The Lord’s promise to Joseph in Egypt that he would raise up a “choice seer” out of his lineage (2 Nephi 3:6–7, 11, 14) was supremely fulfilled in the Prophet Joseph Smith. The “work” he would perform, which would be “of great worth” to Joseph’s descendants, consisted in part of bringing forth the Book of Mormon (Mormon 8:14). This would help restore them “to the knowledge of the covenants which I have made with thy fathers” (2 Nephi 3:7, 11–12, 15, 18–23).
Joseph’s prediction that this seer would be “great like unto Moses” nuances the nature of his prophetic mission (2 Nephi 3:9). Moses was a dispensation leader and lawgiver who similarly restored his people to the knowledge of the Lord’s covenants with their fathers. He held the keys of the Melchizedek priesthood and “sought diligently to sanctify his people that they might behold the face of God” (Exodus 19:10–11, 14–17; D&C 84:23–27). Moses saw God and prophesied the coming of the Messiah (Exodus 33:11; Deuteronomy 18:15; Mosiah 13:33; Helaman 8:13; Moses 1:2). In all these things, Joseph Smith was “like unto Moses.”
Joseph Smith received “commandments and revelations” for the church “even as Moses” (D&C 28:2). Moreover, the Lord had said to Moses in the mount, “In a day when the children of men shall esteem my words as naught and take away many of them from the book which thou shalt write, behold, I will raise up another like unto thee; and they shall be had again among the children of men—among as many as shall believe” (Moses 1:41).
That promised prophet, too, resembles Joseph Smith. To enable Joseph Smith to fulfill his mission of “preserving” the descendants of Joseph and all the house of Israel (2 Nephi 3:16), Moses himself committed to him “the keys of the gathering of Israel from the four parts of the earth, and the leading of the ten tribes from the land of the north” (D&C 110:11).
In the Sinai wilderness, Moses had declared to his people that “the Lord thy God will raise up unto thee a Prophet from the midst of thee, of thy brethren, like unto me; unto him ye shall hearken” (Deuteronomy 18:15). For the Lord had said to Moses, “I will raise them up a Prophet from among their brethren, like unto thee, and will put my words in his mouth; and he shall speak unto them all that I command him. And it shall come to pass, that whosoever will not hearken unto my words which he shall speak in my name, I will require it of him” (Deuteronomy 18:18–19).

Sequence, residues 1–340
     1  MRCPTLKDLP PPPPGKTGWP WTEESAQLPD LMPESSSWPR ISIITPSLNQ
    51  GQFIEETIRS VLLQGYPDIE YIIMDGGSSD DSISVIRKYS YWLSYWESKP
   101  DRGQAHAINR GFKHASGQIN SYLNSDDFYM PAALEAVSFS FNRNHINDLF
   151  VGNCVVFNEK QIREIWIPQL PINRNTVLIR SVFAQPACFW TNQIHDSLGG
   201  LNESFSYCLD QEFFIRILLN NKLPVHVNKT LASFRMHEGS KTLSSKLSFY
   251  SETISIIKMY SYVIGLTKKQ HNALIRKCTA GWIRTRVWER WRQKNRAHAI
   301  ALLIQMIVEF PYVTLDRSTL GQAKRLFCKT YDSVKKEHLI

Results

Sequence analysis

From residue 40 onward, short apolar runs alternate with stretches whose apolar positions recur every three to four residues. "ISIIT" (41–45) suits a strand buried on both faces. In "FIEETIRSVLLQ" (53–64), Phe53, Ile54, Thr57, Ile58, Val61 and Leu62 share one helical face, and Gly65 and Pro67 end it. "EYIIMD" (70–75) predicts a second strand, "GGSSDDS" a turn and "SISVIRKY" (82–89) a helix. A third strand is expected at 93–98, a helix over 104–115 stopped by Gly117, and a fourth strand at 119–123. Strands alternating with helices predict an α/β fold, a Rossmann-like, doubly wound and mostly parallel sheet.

Nephi declared that “this prophet of whom Moses spake was the Holy One of Israel,” and that “all who will not hear that prophet shall be cut off from among the people” (1 Nephi 22:20–21). (As the Hebrew language has no upper case letters, no terms or names appear capitalized in the Old Testament.) Peter also taught that Jesus was the prophet of whom Moses testified and that “every soul, which will not hear that prophet, shall be destroyed from among the people” (Acts 3:22–23; cf. 7:37).
To the Nephites, Jesus explained, “I am he of whom Moses spake, saying: A prophet shall the Lord your God raise up unto you of your brethren, like unto me; him shall ye hear in all things whatsoever he shall say unto you. And it shall come to pass that every soul who will not hear that prophet shall be cut off from among the people” (3 Nephi 20:23; cf. John 5:46; D&C 133:64).
The expression “cut off from among the people” adds another dimension to this prophecy. A scriptural analysis shows that those who are “cut off” include “hypocrites” (D&C 50:8), “the rebellious” (D&C 64:35–36), and “wicked, unfaithful, and unjust stewards” (D&C 101:90). Those cut off for transgression are delivered over to the “buffetings of Satan until the day of redemption” (D&C 104:8–10).
In a specifically end-time context, those “cut off” include wild branches of the olive tree (Gentiles) who do not “continue in his goodness” (Rom. 11:22; cf. Jacob 5:65–66), “whosoever will not believe” the words of Christ, which the Lord’s “servant” will bring forth to the Gentiles (3 Nephi 21:10–11; cf. Isaiah 52:13–15), “whosoever will not repent and come unto my Beloved Son” at that time (3 Nephi 21:20), and those who “will not hear the voice of the Lord, neither the voice of his servants, neither give heed to the words of the prophets and apostles” when the “arm of the Lord” is revealed (D&C 1:14; cf. JS-Matthew 1:55; JS-History 1:40).
In this end-time setting, the Lord’s “servant” who brings forth the words of Christ to the Gentiles, is also “like unto Moses.” Jesus says of those who disbelieve his words at that time, “(It shall be done even as Moses said) they shall be cut off from among my people who are of the covenant” (3 Nephi 21:11).
The roles Isaiah attributes to this servant resemble Lehi’s prediction to his son Joseph concerning his descendants: “There shall rise up one mighty among them, who shall do much good, both in word and in deed, being an instrument in the hands of God, with exceeding faith, to work mighty wonders, and do that thing which is great in the sight of God, unto the bringing to pass much restoration to the house of Israel, and unto the seed of thy brethren” (2 Nephi 3:24). These events are preparatory to the coming of Israel’s God.
In sum, three messianic persons may be described as “like unto Moses,” namely Jesus Christ, Joseph Smith, and the servant who prepares the way before the Lord’s second coming. While Jesus is the prophet like unto Moses, Joseph Smith and the Lord’s end-time servant perform additional essential restorative roles. All three compare to the “stem,” “rod,” and “root” of Jesse in Isaiah’s allegory of the olive tree (Isaiah 11:1, 10; D&C 113:1–6).